Zen backs Czech cardinal's support for China's believers

Cardinal Duka challenges President Xi on religious rights during state dinner in Prague
Zen backs Czech cardinal's support for China's believers

"As a representative of the Roman Catholic Church, I cannot ignore the fate of the brothers and sisters" in China, Czech Cardinal Dominik Duka of Prague told Chinese President Xi Jingping during Xi's state visit to the Czech Republic in March. (Photo by AFP)

ucanews.com reporter, Hong Kong
Hong Kong
April 14, 2016
When Cardinal Dominik Duka of Prague challenged Chinese President Xi Jinping on religious freedom and human rights in China, the Czech prelate earned the strong endorsement of Chinese Cardinal Joseph Zen Ze-kiun of Hong Kong.

Cardinal Duka handed Xi a letter during the president's three-day state visit to the Czech Republic March 28-30 detailing his concerns on rights in China.  

In an open statement explaining his action, Cardinal Duka said, "As a representative of the Roman Catholic Church, I cannot ignore the fate of the brothers and sisters" in the church in China.

Cardinal Duka's gesture was "easy to understand" based on his background as a priest during the Communist regime, which ruled his country from 1948-1993, Cardinal Zen told ucanews.com.

His act was "beneficial" to religious freedom in China, the retired prelate said.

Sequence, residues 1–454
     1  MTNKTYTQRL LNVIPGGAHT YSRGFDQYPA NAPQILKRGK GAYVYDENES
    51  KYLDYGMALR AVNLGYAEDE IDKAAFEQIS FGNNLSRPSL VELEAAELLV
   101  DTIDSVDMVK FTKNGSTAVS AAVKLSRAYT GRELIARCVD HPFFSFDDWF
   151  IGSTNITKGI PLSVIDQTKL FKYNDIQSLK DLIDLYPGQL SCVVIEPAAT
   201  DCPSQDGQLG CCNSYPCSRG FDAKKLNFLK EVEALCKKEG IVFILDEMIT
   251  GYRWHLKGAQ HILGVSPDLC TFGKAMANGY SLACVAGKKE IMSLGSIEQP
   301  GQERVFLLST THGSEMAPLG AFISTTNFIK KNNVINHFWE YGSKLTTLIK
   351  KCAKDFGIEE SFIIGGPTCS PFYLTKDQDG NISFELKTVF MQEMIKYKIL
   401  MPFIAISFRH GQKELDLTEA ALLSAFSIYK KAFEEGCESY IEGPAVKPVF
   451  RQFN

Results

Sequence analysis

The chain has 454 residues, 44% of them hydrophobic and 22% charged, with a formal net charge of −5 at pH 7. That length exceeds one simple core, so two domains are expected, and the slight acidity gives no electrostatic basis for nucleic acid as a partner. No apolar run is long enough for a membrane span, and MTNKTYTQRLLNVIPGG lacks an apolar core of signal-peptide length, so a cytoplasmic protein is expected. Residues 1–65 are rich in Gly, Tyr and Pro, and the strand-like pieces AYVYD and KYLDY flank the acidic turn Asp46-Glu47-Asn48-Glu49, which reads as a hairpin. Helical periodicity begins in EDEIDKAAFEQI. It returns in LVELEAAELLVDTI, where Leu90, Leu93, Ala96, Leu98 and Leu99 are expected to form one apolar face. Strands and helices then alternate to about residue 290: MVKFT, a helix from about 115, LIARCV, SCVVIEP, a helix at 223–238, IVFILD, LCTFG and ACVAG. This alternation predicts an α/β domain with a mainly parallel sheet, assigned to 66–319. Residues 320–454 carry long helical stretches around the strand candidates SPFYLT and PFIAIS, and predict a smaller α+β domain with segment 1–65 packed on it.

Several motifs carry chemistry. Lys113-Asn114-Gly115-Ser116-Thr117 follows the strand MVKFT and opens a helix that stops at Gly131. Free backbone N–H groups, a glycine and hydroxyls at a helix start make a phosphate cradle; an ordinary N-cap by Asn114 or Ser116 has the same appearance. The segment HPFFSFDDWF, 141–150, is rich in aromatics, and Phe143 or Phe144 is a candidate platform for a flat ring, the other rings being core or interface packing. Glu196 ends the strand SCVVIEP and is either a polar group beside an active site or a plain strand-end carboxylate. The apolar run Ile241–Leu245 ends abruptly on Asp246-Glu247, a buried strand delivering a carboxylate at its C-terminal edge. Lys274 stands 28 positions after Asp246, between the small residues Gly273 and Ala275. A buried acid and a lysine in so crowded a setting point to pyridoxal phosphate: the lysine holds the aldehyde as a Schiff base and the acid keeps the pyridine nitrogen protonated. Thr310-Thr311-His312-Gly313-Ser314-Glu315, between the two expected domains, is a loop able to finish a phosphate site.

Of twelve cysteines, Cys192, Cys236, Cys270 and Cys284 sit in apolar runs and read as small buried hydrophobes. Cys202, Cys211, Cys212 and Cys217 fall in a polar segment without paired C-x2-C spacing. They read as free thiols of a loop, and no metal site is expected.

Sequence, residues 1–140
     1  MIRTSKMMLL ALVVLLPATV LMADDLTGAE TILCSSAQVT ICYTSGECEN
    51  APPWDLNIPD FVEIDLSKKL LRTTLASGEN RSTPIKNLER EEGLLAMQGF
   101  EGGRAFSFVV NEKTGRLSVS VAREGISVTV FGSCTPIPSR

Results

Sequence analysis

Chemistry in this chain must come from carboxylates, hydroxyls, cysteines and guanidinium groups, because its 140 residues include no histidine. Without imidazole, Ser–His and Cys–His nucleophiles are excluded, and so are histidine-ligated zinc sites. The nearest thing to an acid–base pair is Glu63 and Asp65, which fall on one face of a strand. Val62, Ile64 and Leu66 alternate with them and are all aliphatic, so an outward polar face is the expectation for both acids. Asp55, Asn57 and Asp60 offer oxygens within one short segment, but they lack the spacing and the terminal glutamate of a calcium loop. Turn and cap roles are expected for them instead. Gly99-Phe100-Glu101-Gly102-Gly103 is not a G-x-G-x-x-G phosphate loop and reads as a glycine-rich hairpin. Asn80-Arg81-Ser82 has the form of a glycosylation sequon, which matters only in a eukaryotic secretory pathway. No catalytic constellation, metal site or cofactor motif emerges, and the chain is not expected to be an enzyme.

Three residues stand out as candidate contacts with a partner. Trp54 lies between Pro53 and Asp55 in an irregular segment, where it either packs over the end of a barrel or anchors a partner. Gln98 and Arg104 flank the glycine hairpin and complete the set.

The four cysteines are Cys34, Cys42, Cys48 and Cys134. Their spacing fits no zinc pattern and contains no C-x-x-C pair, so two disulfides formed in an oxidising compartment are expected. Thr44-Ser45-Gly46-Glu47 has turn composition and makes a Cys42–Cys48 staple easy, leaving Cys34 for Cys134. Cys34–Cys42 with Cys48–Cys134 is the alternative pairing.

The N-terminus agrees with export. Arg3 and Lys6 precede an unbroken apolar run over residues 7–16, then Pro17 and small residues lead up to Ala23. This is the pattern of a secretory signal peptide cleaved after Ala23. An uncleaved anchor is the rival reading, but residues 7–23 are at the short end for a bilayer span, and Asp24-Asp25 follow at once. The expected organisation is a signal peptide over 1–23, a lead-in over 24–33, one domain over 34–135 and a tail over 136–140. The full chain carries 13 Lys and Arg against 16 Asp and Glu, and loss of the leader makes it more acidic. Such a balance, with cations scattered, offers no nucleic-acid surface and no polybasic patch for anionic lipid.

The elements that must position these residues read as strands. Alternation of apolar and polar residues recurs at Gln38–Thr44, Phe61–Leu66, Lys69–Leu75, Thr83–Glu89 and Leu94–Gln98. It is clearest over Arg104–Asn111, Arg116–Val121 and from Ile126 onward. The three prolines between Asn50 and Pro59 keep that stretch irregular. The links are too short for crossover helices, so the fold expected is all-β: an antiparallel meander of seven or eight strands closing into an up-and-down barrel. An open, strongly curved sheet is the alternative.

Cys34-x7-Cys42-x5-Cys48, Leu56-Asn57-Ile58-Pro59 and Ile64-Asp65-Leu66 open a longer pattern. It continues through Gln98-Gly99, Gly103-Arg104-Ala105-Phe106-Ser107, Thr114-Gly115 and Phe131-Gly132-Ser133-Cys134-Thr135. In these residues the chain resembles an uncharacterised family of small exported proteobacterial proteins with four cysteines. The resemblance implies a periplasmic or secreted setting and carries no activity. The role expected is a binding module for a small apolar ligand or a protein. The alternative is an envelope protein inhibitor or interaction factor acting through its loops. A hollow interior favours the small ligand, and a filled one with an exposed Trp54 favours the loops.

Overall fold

Cardinal Duka entered the secret novitiate of the Dominican order in 1968 and was ordained a priest in 1970. In 1975 his "state approval of priestly service" was withdrawn by the Communists. He then lived an illegal religious life while working in an automobile factory for the next 15 years. He was imprisoned in 1981-1982 for publishing books in secret and for his involvement in the Dominican order

Cardinal Duka said in his statement that he took the opportunity of the March 29 banquet in Prague Castle to hand Xi his letter and a book by Czech poet Bohuslav Reynek, whose works were banned by Czechoslovakia's Communist regime in 1948. 

"I wanted our Chinese guest to realize that in a democratic country, the church and believers belong inseparably to society," Cardinal Duka said.

Cardinal Zen addressed an Easter statement to the world's cardinals expressing his concern for the church in China. He said he was unaware if Cardinal Duka's actions were in response to his statement. 

Many cardinals responded and promised their prayers, he said. "Some cardinals may not know much [about] China but some of them understand, especially those who had suffered under a Communist regime," he said. 

In his article, Cardinal Zen questioned the "wave of optimism" for the current China-Vatican dialogue.

"The [Chinese] government is continuously strengthening a church that now objectively is already separated from the universal Catholic Church; with enticements and threats they induce the clergy to perform acts contrary to the doctrine and discipline of the church, denying their conscience and their dignity," he wrote.

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